Review: Acadian Driftwood – One Family and the Great Expulsion

Category: arts 83

Nova Scotia author Tyler LeBlanc’s ‘Acadian Driftwood’ offers a fascinating window into one family’s experience during the Acadian Expulsion.

Cathy Carter

The Acadian Expulsion may be an unlikely choice for a summer read, but Tyler LeBlanc’s Acadian Driftwood was so engaging I blew through it like it was a summer blockbuster. 

LeBlanc didn’t discover his heritage until his twenties. In fact, despite his last name he didn’t even know he was Acadian. When a friend and historian prompted him to begin researching his roots, he set off on a genealogical treasure hunt that eventually allowed him to trace his family back as far as the expulsion. The experience of ten of these relatives, drawn from extensive research on the Acadian experience and firsthand testimony given by his great-great-great-great-great-great grandfather forms a compelling book that is both educational and moving. 

It’s easy to forget that the events we read about in history books involved actual people that lived, breathed, and had feelings, just like you and I. LeBlanc’s creative non-fiction approach brings his family members to life and drives home the tragedy of Le Grand Dérangement in a way that conventional historical texts do not.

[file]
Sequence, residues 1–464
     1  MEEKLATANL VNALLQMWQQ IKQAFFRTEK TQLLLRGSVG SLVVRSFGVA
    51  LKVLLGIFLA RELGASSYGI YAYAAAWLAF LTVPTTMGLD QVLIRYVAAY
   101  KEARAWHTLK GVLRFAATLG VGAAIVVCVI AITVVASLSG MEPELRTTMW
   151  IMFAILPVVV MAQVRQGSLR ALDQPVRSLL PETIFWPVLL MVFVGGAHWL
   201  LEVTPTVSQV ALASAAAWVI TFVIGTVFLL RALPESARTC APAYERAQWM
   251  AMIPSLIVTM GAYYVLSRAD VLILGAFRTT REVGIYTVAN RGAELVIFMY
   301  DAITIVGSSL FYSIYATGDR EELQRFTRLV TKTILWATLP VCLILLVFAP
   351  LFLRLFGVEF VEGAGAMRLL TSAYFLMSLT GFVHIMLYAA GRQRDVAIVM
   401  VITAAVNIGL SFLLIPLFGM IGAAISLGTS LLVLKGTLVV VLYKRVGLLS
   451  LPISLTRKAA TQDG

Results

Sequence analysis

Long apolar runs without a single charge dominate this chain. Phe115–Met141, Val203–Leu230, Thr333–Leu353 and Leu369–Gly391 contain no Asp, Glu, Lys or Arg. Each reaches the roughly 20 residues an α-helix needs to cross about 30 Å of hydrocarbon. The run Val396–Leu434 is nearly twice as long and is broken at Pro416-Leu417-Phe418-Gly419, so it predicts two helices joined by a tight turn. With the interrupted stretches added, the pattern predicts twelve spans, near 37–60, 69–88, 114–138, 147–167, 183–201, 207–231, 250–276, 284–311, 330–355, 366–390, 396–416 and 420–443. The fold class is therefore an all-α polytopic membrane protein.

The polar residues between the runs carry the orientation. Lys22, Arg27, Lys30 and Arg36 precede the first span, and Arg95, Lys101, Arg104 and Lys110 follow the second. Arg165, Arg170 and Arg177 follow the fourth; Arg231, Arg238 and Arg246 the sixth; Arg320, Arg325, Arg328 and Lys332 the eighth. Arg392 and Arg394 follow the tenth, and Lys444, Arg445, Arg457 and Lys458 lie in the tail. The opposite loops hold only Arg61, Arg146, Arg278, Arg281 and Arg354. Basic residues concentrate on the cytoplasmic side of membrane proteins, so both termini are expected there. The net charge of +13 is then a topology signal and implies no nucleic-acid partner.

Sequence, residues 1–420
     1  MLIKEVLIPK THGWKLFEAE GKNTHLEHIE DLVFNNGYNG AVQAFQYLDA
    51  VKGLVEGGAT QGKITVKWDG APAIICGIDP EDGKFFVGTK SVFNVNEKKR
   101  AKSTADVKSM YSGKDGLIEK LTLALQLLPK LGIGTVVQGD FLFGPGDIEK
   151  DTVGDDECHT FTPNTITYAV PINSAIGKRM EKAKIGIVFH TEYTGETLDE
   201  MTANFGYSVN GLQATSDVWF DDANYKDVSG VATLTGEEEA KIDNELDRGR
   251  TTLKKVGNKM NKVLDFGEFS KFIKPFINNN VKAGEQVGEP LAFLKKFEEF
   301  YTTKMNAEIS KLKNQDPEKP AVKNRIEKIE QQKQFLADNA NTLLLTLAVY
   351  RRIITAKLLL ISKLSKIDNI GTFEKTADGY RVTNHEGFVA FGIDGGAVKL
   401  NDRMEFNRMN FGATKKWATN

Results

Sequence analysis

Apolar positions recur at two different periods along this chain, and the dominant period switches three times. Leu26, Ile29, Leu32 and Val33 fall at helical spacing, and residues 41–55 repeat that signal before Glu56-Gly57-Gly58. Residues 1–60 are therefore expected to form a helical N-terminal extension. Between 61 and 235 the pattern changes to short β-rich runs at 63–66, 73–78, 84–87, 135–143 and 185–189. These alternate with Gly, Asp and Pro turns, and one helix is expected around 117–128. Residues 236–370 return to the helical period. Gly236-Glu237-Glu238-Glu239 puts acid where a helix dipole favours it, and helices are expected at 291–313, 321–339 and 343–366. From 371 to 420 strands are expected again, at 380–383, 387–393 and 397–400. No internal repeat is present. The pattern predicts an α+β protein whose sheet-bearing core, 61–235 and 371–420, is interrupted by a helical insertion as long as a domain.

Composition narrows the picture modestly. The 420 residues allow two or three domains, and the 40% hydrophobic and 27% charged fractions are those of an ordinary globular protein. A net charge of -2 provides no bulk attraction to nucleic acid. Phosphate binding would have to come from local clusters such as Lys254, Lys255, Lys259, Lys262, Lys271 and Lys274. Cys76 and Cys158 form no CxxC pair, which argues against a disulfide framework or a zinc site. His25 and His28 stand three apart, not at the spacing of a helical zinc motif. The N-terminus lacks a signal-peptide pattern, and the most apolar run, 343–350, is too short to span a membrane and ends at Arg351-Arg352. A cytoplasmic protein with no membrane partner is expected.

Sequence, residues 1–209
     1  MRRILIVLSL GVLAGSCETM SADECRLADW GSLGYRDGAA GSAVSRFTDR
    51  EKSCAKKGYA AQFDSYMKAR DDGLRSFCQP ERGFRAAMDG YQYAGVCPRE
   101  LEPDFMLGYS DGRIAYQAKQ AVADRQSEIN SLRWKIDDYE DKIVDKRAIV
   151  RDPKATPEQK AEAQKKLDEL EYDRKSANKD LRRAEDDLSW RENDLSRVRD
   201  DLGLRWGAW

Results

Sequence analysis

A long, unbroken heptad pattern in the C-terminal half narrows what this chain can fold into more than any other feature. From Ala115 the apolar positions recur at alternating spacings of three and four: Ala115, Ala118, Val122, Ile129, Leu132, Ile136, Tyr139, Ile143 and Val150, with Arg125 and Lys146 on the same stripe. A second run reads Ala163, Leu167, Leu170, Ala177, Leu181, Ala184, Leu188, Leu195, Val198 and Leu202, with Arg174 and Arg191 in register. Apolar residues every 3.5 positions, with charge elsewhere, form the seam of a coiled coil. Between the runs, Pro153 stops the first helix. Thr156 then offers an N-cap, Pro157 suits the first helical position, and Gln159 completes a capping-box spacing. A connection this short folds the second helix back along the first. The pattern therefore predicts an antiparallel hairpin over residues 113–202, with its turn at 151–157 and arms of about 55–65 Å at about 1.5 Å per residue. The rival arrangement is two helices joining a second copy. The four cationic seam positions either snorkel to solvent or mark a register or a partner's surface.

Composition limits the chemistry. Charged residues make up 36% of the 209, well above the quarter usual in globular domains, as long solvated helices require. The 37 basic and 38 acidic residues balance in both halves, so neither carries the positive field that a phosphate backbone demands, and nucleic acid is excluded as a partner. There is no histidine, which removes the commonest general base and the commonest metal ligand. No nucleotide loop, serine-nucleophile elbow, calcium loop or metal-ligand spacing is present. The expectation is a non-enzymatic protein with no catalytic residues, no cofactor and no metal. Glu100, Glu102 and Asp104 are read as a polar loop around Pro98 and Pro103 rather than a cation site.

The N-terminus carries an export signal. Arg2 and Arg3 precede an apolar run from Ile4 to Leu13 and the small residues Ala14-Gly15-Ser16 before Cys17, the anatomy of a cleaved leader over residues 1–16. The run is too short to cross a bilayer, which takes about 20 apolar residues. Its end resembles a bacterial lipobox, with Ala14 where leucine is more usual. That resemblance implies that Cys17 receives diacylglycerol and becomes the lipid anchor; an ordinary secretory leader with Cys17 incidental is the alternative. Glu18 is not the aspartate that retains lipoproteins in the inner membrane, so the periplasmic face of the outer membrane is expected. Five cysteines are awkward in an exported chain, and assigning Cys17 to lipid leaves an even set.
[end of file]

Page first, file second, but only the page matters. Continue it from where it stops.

Because firsthand documents from the lives of everyday people in that era are so rare, LeBlanc supplements the bare facts of his family’s lives with information drawn from historical documents to convey “the most plausible experience” for each family member. This gives the book the readability and flow of a novel and keeps the reader engaged until the final pages. 

Far more than simply a “good read” though, this book provides an educational account of one of our region’s most horrifying events. Although I had some basic knowledge of what happened, it took reading this book tor me to realize that the expulsion was truly a crime against humanity. Had I been reading a book with a more academic slant, I’m honestly not sure I would have grasped this. 

In his notes at the book’s end, LeBlanc quotes well-known author Eric Larson: “It’s one thing to write Great Man history, quite another to explore the lives of history’s little men.” LeBlanc’s ability to do just that – to focus on the lives of everyday people is what makes this book shine. I’d recommend it to anyone that is interested in learning more about the history of our region and the people who lived here before us. 

Acadian Driftwood is published by Goose Lane Editions

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